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Cal Thomas: Crowning Donald Trump king will be costly

From the commentary: If evangelical Christians vote in large numbers for Trump next year, as they did in the last two elections, Trump will still likely lose again and doom Republican goals for years to come.

Donald Trump
FILE PHOTO: Former U.S. President and Republican presidential candidate Donald Trump attends a campaign event in Manchester, New Hampshire, U.S., April 27, 2023.
REUTERS/Brian Snyder/File Photo

The crowning of Charles III as king of England and the shrinking realm of the United Kingdom was not the only coronation taking place in the world.

Cal Thomas commentary
Cal Thomas Commentary
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Summary: I once heard the late evangelist Rev. Billy Graham say America was not at a crossroads, but had traveled down the wrong road and needed to come back to the crossroads and take the right road. What if we can no longer agree on the right road and where the wrong road is leading us?
Summary: Donald Trump would do well to withdraw from the field and allow younger and less controversial candidates to replace him. His record of policy successes while president are undeniable (except for those in denial), but his narcissistic personality contributed to his loss. It is also contributing to the work of the January 6 committee. If that committee wishes to "bring us together," it will forgo recommendations of criminal prosecution and let voters decide, as they should and ultimately will, the future of Donald Trump.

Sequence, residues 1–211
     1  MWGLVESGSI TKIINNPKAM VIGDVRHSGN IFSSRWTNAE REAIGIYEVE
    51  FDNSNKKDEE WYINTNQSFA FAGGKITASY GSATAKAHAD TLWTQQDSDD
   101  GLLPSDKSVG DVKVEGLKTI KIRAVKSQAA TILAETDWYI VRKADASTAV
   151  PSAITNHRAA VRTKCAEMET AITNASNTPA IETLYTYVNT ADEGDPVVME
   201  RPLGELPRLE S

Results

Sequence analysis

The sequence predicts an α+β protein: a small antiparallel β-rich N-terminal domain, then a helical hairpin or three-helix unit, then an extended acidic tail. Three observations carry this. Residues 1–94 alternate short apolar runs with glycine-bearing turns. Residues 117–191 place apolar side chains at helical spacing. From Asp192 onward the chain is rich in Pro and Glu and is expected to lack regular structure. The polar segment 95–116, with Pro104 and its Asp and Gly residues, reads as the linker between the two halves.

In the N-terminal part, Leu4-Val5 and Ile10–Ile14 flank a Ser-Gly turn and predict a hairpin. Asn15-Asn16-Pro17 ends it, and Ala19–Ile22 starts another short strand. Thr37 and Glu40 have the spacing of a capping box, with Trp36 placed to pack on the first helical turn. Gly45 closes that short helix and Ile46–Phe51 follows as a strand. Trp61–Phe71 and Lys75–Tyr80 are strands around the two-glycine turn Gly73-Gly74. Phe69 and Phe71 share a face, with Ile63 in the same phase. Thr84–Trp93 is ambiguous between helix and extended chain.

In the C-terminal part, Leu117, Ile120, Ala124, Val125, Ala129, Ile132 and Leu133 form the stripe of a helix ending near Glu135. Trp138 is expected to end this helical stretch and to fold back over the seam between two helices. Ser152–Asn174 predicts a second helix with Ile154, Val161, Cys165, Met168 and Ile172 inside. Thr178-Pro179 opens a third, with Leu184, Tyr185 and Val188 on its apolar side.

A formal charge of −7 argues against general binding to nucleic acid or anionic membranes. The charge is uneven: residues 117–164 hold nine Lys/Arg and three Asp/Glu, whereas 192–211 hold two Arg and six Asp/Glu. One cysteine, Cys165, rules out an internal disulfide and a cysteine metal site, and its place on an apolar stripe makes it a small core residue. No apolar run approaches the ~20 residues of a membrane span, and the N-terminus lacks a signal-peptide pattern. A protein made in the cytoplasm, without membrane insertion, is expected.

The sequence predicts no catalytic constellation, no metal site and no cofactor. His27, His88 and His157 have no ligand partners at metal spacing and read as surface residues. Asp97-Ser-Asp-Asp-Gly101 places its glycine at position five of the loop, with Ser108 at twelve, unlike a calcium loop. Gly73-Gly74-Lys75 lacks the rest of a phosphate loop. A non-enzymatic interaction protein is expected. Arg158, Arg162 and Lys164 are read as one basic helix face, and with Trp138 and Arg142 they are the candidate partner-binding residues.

Summary: When rhetoric gets heated, perhaps the best way to be heard is to speak in a tone Scripture attributes to God β€” "a still, small voice." As noted by the writer of Proverbs: "A gentle answer turns away wrath, but a harsh word stirs up anger. (Proverbs 15:1)
Summary: Many viewers might want to know why Congress can't seem to fix any of the country's real problems. That perennial question is why increasing numbers of Americans have grown sour about Washington. They see members of Congress more interested in re-election, in their careers and in perks than in the people they are supposed to represent.

Increasingly, evangelical Christians in the U.S. are treating Donald Trump as their king. While the scenarios are different, it reminds me of when the religious leaders in Jerusalem were asked by Pontius Pilate if he should crucify their king, Jesus. They shouted back, "We have no king but Caesar."

No matter what is revealed about Donald Trump's character and attitude toward women, large numbers in the evangelical community seem to have no king but him.

In New York, in a civil court trial, writer E. Jean Carroll is claiming Trump raped her in a dressing room at Bergdorf Goodman (he denies it, as he has denied every other charge of boorish, even criminal behavior toward women). Some startling video has been shown during the trial. In addition, there was a replay of the "Access Hollywood" tape in which Trump bragged that when you're a star you can go as far as grabbing women by their (private parts). A video of Trump's deposition in this case was also shown to the jury.

Carroll's lawyer, Roberta Kaplan, asked Trump about that damning tape during a video deposition. His response was revealing: "Historically, that's true with stars."